Finally, all the proprietary headset standards (Cannondale 1 1/8" top & 1 1/4" bottom; Giant 1 1/4" top and 1 1/2" bottom; and TREK at 1 1/8" top & 1 1/2" bottom), seatpost standards (TREK seatmast, Giant ovalized seatpost, etc.)...I could go on and on with seatpost clamp sizes etc.

    Bottom Line: A nice Ti frame is beautiful, will last forever, and can be built using a group, which does not require proprietary or odd shaped things. It will be kinetic art if you build with an eye towards beauty, ride like a dream if you choose the right components, and be infinitely upgradeable year after year if choose to do so.

    I had my dream bike built for me last year. It is a custom Cysco Titanium with an Edge 2.0 fork, Campagnolo Chorus 11, and custom wheels from Fairwheel Bikes (Chris King hubs with H Plus Son Archetype rims). It has a Chris King oversize headset and threaded bottom bracket. No disc brakes. Integrated seat post with Ritchey WCS topper. Of course that was not my last bike as I like to chase technology as much as the next guy, but as other bikes will come and go from my collection; that bike will be with me forever.

    My two cents...

    Very respectfully, Tim
    great comments.

    I also think for a bike to be a "keeper", it will need to be 1 1/8" standard headseat, standard round seatpost, threaded English or Italian bb, no internal cable routing, and no disc brakes.

  12. #12
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    Wish the Rouleur was available when I bought my Cooper. I find the super-short chainstays of the Cooper combined with the high bottom bracket make for a ride which is not as stable on the downhills as I would like.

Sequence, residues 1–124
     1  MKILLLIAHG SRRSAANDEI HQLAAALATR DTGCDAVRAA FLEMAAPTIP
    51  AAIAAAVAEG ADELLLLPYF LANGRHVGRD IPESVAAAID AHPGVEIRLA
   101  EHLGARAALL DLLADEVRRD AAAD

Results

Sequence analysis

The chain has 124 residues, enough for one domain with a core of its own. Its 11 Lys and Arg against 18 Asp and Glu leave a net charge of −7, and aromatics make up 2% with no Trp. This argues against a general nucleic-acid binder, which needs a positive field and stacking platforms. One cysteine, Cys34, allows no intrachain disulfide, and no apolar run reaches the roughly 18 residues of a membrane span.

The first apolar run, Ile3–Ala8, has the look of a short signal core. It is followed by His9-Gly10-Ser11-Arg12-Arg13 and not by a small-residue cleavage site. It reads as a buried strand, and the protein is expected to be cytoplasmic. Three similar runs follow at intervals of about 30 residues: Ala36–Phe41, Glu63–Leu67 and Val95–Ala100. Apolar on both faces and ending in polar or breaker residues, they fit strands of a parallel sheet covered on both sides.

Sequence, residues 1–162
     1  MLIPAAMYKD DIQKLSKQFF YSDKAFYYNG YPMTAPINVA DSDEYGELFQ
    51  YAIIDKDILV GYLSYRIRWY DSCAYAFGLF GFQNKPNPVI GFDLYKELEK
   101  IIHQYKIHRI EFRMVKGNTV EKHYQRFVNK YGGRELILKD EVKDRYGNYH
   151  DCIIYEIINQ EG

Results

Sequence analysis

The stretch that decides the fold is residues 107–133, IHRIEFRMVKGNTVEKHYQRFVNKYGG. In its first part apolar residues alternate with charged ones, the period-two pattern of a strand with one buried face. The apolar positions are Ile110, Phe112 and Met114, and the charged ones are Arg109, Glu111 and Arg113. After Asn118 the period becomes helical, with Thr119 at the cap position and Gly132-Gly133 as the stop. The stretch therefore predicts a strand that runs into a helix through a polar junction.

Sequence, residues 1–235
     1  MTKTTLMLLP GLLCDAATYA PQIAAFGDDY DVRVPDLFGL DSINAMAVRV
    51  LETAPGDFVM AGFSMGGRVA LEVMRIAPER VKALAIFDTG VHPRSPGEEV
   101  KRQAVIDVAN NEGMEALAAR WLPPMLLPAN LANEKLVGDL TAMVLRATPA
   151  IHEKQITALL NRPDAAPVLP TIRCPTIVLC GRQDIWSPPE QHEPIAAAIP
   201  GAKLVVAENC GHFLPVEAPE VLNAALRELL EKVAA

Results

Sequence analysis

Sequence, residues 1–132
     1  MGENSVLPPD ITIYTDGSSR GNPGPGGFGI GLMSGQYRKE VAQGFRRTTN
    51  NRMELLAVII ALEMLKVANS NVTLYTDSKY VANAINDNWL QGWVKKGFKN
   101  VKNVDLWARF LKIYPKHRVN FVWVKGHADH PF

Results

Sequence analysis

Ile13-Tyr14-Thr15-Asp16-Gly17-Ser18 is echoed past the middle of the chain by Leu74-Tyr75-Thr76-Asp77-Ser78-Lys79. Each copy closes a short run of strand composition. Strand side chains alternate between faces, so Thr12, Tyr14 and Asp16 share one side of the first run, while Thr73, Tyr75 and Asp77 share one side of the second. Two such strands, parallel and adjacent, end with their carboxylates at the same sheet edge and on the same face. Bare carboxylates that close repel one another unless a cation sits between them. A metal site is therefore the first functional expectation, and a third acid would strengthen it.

13. #13
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    mrwirely, thank you very much for your detailed response. My interests in a Titanium frame stems from the fact that I am looking for a road bike frame that would possibly last with me for a decade for more.

    I am looking for a bike that fits my riding style as described above "the ideal frame for the spirited enthusiast or club rider looking for a road frame thatís equally at home on a century and at the start line".

    Initially, my mind was set on R230, but now I have been wondering whether Lynskey Rouleur would fit my needs better. I do not mind the $500 difference between the frames, but the Rouleur appears to be a slightly lighter frame. I am 39 now and currently weight 69 KG, and with my skinny legs, I do not consider myself to be a powerful rider that would actually feel any frame stiffness/flex at all.

    However, the only lingering concern is that Rouleur has a longer chain stay by 2 cm. I am curious to find out what that really means both in theory and practice. I would think that a shorter chain stay would mean a snappier bike with better acceleration, so the Rouleur would be less snappy and accelerate slower than the R230? Do you think you can comment on this at all, or any other differences between R230 and Rouleur that you can notice?

  14. #14
    mrwirey
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    dratrip,

    I purchased the Rouleur for the specific purpose of building a 1x10 (see Please post/show your 1x (8,9,10,11) speed drivetrain for the Road ).

    The primary reason I wanted the longer chainstays was to lessen stress on the chain at extreme cross chaining angles. My secondary reason for wanting the longer stays was to have sufficient clearance to fit up to 700x28c tires, which is possible on my Sportive, but not possible with my R230. I typically run 700x25c tires (at 95-100 psi), which fit no problem on the Rouleur, but can be a tight fit under the rear brake caliper on the R230.